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Leguminosae plants (singular: legume) are members of the Leguminosae family of plants (Fabaceae). The legume family is sometimes known as Leguminosae. They’re distinguished by their legume-like fruit (or pod) and complex, stipulate leaves.
Many of them produce nitrogen-fixing bacteria in root nodules. After Orchidaceae and Asteraceae, Leguminosae is the third biggest group of terrestrial plants. This family has around 19,500 species.
For human and cattle consumption, many of these species are farmed and harvested. In biology, the term “legume” has a different meaning. It might also refer to the Leguminosae family’s fruit or seed.
The term “pulse,” on the other hand, refers to the dried seeds of leguminous fruit crops.Pulses, according to this definition, contain edible seeds such as dry beans, dry peas, chickpeas, and lentils, but not peanuts or soy. Legmen is a Latin word that means “bean.”
The subfamilies (1) Caesalpinioideae, (2) Mimosoideae, and (3) Faboideae make up the legume family (syn. Papilionoideae). The subfamily Caesalpinioideae is known as the peacock flower subfamily. Many of them are grown as ornamental trees because of their beautiful flowers.
Mimosoideae are tiny plants with colourful stamens and blooms that are not in clusters. Faboideae is the biggest subfamily of legumes. It’s what most people think of when they think about legumes.
The “papilionoid” (butterfly-like) floral morphology of members of this subfamily is one of its distinguishing characteristics: two wing petals, two keel petals, and one standard petal. Edible and inedible legumes are two types of legumes.
Pea legumes, peanuts, lentils, chickpeas, lupins, and beans are all edible. While these plants are considered food crops, other leguminous species are considered weeds, despite the fact that they are legumes.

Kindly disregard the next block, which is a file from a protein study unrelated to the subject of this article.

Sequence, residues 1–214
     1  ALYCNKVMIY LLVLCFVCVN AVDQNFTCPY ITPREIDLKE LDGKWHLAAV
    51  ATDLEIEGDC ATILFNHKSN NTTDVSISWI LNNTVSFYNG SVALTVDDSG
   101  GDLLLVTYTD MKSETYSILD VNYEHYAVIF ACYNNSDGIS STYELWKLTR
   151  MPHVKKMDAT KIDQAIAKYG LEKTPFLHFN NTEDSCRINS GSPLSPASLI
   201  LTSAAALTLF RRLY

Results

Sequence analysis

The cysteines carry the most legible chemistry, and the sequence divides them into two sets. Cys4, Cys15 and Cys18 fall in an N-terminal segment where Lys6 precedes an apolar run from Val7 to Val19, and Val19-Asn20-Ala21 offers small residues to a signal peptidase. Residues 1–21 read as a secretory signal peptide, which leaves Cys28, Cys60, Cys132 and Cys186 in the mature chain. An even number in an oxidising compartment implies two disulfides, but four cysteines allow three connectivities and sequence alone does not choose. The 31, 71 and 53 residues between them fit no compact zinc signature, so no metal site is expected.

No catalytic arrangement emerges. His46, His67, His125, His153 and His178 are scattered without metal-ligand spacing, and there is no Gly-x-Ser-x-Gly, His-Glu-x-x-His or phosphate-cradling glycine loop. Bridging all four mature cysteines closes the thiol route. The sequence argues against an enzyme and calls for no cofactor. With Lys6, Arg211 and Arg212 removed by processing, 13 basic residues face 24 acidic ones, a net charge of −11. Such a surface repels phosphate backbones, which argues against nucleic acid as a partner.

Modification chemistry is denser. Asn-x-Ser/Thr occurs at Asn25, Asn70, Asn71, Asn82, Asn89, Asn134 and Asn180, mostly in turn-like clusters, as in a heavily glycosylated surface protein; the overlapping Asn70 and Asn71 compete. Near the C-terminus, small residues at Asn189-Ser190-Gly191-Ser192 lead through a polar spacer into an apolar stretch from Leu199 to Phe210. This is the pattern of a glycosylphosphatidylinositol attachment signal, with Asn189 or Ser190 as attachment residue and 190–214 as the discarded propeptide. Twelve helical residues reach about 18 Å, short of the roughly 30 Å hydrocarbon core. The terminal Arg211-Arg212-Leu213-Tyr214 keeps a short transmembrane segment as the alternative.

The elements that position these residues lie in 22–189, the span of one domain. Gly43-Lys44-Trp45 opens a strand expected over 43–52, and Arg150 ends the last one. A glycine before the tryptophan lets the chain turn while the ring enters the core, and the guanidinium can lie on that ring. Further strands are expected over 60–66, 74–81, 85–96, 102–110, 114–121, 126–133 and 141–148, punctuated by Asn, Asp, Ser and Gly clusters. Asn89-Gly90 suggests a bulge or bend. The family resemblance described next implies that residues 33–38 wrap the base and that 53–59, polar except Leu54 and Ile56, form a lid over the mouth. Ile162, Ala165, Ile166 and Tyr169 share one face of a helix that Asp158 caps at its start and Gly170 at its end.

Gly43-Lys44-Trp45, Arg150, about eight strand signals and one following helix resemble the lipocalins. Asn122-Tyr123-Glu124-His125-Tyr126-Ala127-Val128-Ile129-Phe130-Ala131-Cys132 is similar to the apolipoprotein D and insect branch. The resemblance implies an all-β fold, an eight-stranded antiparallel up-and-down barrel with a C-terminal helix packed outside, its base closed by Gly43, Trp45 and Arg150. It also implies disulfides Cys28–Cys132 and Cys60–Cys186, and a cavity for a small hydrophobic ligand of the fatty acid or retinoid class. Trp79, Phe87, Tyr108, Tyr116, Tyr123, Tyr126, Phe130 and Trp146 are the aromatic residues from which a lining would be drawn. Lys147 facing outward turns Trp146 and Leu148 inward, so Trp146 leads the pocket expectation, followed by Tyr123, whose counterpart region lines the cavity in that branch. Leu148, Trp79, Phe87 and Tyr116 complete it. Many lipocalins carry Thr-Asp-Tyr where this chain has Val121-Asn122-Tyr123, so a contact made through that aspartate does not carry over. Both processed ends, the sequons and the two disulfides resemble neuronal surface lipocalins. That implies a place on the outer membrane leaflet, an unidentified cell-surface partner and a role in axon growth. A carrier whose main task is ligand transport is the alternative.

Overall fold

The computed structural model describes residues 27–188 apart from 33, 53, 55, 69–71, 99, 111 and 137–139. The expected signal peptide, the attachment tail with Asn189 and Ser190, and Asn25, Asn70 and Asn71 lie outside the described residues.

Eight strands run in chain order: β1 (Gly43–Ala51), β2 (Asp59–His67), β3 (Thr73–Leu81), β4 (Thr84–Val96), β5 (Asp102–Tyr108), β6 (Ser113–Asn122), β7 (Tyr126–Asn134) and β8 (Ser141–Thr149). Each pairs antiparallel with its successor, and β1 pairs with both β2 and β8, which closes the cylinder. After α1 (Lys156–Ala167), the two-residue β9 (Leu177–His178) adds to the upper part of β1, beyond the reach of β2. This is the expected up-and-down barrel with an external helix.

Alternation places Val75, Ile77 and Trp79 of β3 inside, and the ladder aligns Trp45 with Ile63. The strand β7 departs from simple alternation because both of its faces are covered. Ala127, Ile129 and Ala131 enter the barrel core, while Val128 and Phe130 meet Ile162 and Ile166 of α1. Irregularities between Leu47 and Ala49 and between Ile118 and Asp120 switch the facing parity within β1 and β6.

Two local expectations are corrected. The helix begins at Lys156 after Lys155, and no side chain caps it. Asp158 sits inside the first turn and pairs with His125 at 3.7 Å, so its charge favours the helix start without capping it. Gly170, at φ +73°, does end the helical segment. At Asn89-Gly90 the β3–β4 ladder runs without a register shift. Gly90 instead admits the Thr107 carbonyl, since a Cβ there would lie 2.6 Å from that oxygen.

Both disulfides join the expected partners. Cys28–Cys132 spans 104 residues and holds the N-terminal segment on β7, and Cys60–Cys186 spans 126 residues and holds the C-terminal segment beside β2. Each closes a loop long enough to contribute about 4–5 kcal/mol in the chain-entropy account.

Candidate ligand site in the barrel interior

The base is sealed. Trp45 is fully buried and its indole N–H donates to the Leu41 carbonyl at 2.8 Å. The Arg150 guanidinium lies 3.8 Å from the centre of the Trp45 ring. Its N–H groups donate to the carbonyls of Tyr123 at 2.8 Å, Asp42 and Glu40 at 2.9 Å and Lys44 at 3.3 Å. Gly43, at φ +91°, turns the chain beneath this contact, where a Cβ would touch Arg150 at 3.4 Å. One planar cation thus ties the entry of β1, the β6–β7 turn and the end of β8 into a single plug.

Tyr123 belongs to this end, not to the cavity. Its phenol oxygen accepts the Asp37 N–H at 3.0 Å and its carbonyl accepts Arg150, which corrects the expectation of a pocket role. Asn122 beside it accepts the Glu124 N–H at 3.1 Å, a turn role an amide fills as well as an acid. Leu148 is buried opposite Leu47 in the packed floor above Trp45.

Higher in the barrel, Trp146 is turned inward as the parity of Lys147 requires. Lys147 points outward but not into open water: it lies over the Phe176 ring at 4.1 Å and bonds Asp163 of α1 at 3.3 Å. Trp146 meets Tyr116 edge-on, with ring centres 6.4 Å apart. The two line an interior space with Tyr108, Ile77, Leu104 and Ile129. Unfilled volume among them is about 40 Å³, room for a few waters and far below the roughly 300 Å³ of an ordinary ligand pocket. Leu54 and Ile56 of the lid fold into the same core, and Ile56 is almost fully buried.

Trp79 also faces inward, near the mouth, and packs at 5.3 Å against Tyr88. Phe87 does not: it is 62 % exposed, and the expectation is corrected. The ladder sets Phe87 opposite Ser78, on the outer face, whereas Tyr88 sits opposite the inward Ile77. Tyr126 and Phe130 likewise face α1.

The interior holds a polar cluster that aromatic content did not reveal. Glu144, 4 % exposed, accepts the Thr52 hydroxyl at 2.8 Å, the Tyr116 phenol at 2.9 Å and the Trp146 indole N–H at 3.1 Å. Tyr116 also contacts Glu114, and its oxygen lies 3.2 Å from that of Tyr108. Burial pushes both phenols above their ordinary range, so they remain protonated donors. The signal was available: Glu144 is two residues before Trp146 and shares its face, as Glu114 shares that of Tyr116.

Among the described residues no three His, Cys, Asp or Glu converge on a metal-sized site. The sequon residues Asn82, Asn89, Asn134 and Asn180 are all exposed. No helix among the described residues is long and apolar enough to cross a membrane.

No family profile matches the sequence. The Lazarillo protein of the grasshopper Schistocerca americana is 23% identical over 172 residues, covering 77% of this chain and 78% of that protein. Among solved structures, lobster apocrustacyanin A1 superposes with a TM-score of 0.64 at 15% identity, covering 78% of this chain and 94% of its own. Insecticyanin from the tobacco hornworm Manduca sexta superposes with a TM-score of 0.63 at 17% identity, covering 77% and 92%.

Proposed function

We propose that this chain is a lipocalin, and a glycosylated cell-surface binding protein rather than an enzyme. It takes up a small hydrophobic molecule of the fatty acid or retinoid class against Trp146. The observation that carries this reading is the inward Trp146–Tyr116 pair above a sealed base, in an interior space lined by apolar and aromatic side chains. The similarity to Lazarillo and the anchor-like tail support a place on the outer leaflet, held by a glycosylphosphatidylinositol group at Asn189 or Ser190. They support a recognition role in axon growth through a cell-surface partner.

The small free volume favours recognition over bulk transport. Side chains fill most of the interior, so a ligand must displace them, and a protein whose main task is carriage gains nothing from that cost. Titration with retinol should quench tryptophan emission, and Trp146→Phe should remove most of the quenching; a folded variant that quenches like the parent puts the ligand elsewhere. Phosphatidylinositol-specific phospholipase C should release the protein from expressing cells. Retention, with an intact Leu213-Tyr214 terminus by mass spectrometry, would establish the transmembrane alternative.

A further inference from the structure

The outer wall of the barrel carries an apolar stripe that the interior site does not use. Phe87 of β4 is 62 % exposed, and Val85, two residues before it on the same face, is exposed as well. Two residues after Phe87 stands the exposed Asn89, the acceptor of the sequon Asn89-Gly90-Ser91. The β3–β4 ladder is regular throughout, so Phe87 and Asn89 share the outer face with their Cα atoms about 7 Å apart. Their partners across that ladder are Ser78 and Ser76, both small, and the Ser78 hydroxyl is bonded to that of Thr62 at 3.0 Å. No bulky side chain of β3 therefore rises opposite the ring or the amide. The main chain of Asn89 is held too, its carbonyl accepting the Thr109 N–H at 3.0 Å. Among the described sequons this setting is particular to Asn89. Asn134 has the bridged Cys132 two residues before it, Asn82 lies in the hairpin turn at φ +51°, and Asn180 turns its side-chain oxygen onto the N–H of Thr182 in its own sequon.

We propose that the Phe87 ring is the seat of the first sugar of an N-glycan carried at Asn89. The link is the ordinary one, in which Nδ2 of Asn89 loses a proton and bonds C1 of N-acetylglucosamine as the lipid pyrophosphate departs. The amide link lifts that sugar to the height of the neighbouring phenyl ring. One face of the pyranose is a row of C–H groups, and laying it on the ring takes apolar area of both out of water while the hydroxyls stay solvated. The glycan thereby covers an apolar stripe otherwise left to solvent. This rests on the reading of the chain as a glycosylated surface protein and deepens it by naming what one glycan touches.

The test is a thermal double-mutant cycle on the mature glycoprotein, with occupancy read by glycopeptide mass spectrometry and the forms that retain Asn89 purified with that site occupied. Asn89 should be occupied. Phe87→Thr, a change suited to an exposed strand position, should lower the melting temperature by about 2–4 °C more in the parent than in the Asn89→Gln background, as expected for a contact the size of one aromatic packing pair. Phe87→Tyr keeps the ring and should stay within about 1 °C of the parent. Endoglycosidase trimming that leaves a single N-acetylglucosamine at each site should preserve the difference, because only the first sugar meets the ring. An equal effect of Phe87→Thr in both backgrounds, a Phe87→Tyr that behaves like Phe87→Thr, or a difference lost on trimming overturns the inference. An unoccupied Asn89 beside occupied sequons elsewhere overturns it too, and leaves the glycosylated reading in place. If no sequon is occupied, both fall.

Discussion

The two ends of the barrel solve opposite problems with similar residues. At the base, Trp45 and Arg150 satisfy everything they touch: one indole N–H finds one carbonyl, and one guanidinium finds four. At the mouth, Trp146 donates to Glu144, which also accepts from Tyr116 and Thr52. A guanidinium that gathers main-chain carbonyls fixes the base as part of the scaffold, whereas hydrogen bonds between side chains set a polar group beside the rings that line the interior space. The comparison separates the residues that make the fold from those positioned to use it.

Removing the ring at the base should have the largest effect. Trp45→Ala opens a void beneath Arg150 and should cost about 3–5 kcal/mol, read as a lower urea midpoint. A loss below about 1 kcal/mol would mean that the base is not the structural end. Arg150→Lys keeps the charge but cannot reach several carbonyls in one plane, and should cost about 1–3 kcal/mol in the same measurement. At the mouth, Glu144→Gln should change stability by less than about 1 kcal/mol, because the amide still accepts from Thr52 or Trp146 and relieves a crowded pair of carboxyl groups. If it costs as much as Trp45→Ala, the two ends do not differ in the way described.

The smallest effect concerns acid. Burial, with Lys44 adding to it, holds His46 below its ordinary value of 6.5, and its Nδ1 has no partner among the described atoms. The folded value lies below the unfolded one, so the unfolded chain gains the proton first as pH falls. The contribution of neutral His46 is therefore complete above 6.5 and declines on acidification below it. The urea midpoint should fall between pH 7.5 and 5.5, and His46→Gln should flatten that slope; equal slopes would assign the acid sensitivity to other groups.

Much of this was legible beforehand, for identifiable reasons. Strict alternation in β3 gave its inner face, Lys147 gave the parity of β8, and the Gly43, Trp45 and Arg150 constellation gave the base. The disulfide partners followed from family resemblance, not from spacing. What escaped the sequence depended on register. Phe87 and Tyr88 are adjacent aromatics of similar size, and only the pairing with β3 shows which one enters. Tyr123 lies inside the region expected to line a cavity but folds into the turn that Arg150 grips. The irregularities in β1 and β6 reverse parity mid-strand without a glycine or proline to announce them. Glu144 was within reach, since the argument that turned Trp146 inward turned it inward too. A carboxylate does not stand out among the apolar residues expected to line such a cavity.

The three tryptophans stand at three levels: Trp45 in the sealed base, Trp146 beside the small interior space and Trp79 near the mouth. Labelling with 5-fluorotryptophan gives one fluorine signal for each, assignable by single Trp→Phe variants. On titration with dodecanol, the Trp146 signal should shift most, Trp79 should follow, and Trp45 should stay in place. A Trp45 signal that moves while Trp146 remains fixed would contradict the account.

Kudzu, gorse, Lupinus sp., Robinia pseudoacacia, and Cytisus scoparius are other examples. Some of them, such as uncooked or undercooked red kidney beans, generate toxins and can therefore be toxic.
Legumineous Vegetables Examples
The following are some examples of common legume plants: Alfalfa, Beans, Clover, Carob, Chickpeas, Lentils, Lupins, Mesquite, Peanuts, Peas, Soybeans, Tamarind, and Mimosa are just a few examples.
Legumes vs Beans
Beans and legumes are two separate but related words. Beans are only one of many different varieties of legumes, both in terms of the plant and the seed. A bean, like a legume, can refer to either the plant or its fruit (or seed).
The wild bean plants, or Phaseolus, are a genus of plants in the Phaseolus family. This genus has around 70 species. Other similar plants’ seeds, such as soybeans, broad beans, adzuki beans, and so on, are also referred to as “beans” outside of this genus.
Even phylogenetically unrelated plant seeds, such as coffee seeds, are referred to as “coffee beans” due to their physical similarity to real beans.
Is a Legume Vegetable?
A legume fruit is a fruit in botany, as the name indicates. It’s a sort of basic dry fruit, to be precise. It comes from a single carpel, has a dry mesocarp when mature, and dehisces along the seams on two sides to release the seeds. Peas, beans, kudzu, peanuts, and carob are among the examples.
However, in food science, it is frequently referred to as a vegetable-specifically, a vegetable crop. They are produced for their nutritional benefits in agriculture. They have a high protein and fibre content while being low in fat.
They are useful for crop rotation as well as providing food. Inside the legumes’ root nodules, nitrogen-fixing endosymbionts transform nitrogen into other nitrogen-containing chemicals that the plants may conveniently utilise. Many species are unable to use nitrogen in the environment.
As a result, they get their nitrogen from the nitrogenous substances found in the environment. Certain bacteria and archaea, on the other hand, may utilise it directly. Rhizobium, for example, may transform ambient nitrogen into useable nitrogen-containing molecules that they provide to legume roots directly.
As a result, crop planting has become a widespread technique in agriculture, with legumes being included in the crop planting sequence to provide diverse nutrients to the soil, including nitrogenous compounds.
In business, certain legumes are crucial. The gums of the Acacia tree, for example, are utilised. The phytohaemagglutinin (lectins) produced by the Phaseolus plant is isolated for its erythrocyte and leukocyte agglutination and mitogenic activities.
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